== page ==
5. Agriculture is one of the most vulnerable sectors to climate change. An agriculture and
rural adaptation result area also responds to the selfidentified adaptation needs of least
developed countries in NAPAs and NAPs, where it is the most frequently identified and
prioritized matter. This result area also provides scope for lowregret actions, realizing
cobenefits and taking a gendersensitive approach, as the overlap with development is often
great.
1.4 Performance indicators
6. Activities in this result area aim to have transformative sector impact on the following
dimensions of the adaptation results management framework:
(a) Enhanced agricultural and rural adaptation. The associated indicators are:
(i) Number of food secure households
(ii) Mix of livelihood strategies/coping mechanisms
(iii) Areas of farmland made more resilient
(b) Climate change adaptation mainstreamed into governments and societies. The
associated indicators are:
(i) Perception of the timeliness, content, and reach of early warning systems
(ii) Quality of regulatory environment put in place by the government to enable civil
society and private sector adaptive interventions
7. In addition, activities in this result area will be associated with indicators on project
and programme outcomes. These will depend on the specific nature of an activity (e.g. the
number of farmers changing planning dates, cultivars and crop types and the associated area
under cultivation; adoption of soil moisture enhancing and water management practices;
measures of agricultural diversity across the landscape; indicators of diversifying livelihoods).
8. See document GCF/B.06/04 for further details.
II. Additional result area: Ecosystems and ecosystembased
adaptation
2.1 Summary
9. This result area has two main applications. The first is the ability of natural and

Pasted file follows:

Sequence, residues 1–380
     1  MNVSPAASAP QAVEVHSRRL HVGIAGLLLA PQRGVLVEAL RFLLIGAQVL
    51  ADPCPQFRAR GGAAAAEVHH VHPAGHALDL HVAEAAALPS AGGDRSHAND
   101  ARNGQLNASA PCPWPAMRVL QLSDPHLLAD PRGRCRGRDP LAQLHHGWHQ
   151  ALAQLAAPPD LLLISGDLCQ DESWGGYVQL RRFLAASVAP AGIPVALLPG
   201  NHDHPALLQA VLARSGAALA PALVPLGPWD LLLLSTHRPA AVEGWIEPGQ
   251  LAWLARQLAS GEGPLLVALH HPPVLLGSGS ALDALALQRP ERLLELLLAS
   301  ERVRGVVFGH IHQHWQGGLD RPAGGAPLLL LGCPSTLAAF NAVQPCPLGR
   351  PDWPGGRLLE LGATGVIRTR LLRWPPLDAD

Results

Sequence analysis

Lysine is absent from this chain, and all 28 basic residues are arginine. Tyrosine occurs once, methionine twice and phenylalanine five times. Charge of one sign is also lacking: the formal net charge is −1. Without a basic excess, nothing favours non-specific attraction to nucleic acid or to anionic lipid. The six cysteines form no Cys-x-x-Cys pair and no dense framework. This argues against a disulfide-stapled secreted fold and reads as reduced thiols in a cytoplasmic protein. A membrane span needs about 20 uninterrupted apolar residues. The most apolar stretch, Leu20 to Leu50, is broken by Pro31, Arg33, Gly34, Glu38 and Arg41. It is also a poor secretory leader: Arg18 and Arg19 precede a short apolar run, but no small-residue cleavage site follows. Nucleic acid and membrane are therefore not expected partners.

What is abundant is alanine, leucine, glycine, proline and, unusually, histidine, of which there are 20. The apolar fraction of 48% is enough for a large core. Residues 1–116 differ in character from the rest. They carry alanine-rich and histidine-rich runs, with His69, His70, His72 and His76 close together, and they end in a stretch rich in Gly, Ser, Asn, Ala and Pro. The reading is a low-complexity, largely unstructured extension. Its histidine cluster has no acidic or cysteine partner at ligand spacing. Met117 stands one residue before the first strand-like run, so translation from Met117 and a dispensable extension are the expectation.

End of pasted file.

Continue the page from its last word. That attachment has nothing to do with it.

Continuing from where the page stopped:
seminatural systems to respond to climate change and the ability of people and society to
respond to climaterelated damage to these systems. The second is the enhancement of
adaptation services that these systems can supply. These two activities (of adapting ecosystems
and using ecosystems as a form of adaptation) are distinct and sometimes contrary activities
the implementation of an ecosystem basedadaptation may not necessarily provide the best
adaptation for the ecosystem. Ecosystems and ecosystembased adaptation are grouped as one
result area, despite potential differences in outcome, due to operational similarities; every actor
in ecosystem adaptation and ecosystembased adaptation will need to be an expert in
ecosystems.

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Examples of possible activities in this result area


(a) Programmes of ecosystem protection, focusing on adaptationspecific features, rather than
preservationist conservation (e.g. improving the interconnectedness of habitats to aid species
migration; specific consideration in management plans of impacts and responses to climate
extremes);
(b) Maintenance of conservation flows in water allocation decisions;
(c) Promotion of ecosystembased adaptation, such as the preservation and use of wetlands for
coastal protection and absorption and mitigation of flood waters.
2.2 Operational features
10. Four operational features stand out. First, reducing stress on ecosystems and using
ecosystems as a form of adaptation requires specialist skills and a sound understanding of
nature conservation and management. Second, knowledge of the interaction between ecosystem
services, livelihoods and wellbeing is needed to help groups adapt where ecosystem services